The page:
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Omer Week 5 - Hod


by Adam Millson

Week 5 of the Omer (May 19th-May 26th): Hod

“But somewhere someone has testified, saying,
'What is man, that You are mindful of him,
or the son of man, that You care for him?
For a little while, You made him
lower than the angels.
You crowned him with glory and honor.
You put all things in subjection
underneath his feet.'
For when He put all things in subjection to him, He left nothing outside his control. But for now we do not yet see all things subjected to him. But we see One who was made for a little while lower than the angels—namely, Yeshua. He is now crowned with glory and honor, because of the death He suffered so that, by the grace of God, He might taste death for everyone. For it was fitting for God—for whom and through whom all things exist—in leading many sons to glory, to perfect through sufferings the initiator of their salvation.” -- Heb 2:6-10

Hod means splendor, but it is also the root of yodeh and modeh, which are related to thankfulness. Consequently, hod is understood to refer to the splendor of gratefulness and humility. It not splendor that derives from ostentatious wealth or arrogant deeds, but the gentle splendor that results from humility.

As in many things, if not all things, our greatest example in life of hod is Yeshua. In order to do his greatest acts of sacrifice, he was humbled from transcendent G-dhead to a human baby. He was humbled so that he could come to serve, not to be served; he did not come to be a dominant king, but a kingly servant to all. By suffering that it would be impossible to directly experience as G-d, he ensured that we understand that we have a G-d and high priest that can sympathize with everything we go through.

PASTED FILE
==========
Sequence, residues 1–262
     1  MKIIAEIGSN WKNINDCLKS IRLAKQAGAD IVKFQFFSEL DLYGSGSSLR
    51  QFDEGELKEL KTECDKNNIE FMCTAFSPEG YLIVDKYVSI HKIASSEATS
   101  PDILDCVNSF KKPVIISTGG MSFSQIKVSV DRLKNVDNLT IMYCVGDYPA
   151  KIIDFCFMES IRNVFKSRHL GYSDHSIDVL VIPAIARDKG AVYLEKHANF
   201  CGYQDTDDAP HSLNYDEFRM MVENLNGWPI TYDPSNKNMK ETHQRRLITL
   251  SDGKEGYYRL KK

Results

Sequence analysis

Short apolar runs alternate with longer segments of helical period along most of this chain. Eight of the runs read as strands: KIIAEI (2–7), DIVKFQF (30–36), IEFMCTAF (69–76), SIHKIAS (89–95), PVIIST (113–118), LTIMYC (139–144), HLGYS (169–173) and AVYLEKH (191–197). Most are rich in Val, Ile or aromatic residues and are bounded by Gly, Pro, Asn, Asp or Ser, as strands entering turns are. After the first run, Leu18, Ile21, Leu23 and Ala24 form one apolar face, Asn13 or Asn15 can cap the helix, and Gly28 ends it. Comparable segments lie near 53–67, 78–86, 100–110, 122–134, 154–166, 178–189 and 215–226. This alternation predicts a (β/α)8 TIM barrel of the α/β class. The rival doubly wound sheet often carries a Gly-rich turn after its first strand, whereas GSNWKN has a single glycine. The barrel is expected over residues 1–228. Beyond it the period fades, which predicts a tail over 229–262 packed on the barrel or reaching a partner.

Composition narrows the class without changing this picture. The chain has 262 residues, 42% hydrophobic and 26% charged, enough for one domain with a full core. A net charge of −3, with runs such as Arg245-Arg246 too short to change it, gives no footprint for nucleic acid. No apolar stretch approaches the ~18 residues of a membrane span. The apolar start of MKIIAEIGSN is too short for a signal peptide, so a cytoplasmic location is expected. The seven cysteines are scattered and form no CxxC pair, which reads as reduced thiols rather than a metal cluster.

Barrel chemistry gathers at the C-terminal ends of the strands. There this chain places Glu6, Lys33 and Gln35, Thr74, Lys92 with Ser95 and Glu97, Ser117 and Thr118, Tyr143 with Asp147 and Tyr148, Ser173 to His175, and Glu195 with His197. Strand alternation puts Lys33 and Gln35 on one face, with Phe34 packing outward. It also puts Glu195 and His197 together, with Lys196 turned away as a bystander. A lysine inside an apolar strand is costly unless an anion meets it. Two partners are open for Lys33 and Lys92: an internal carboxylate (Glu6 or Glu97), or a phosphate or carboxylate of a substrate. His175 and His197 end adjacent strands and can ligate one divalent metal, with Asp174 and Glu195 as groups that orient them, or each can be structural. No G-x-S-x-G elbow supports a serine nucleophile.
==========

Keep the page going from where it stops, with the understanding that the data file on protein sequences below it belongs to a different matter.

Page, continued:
This week, there are two practices we can use to improve our understanding of hod. The first is to say the Modeh Ani when you wake up. The Modeh Ani is a very brief prayer of gratefulness traditionally used to remind us of the need for gratitude at the beginning of the day. If you aren’t comfortable with reciting the Modeh Ani every morning, you can offer a spontaneous prayer of thanks for the new day when you wake up. The second practice is to seek an act of humble service. Life is messy and consequently service is often messy; washing someone’s stinky feet isn’t really dignified, but it does show a deep level of care. We need to keep in mind that what seems humiliating to us can be essential to uplifting our divine soul and reaching higher levels of holiness; even better, what seems humiliating is often good for uplifting others. Is there an act of service you can do that you aren’t because you find it embarrassing, demeaning, or beneath you? It could range from picking up litter when you see it in the street to apologizing to or forgiving an estranged friend or family member. If so, make a concrete commitment to doing this act. Write it down or share it with your partner, and then actually serve in the way you have decided to do. 

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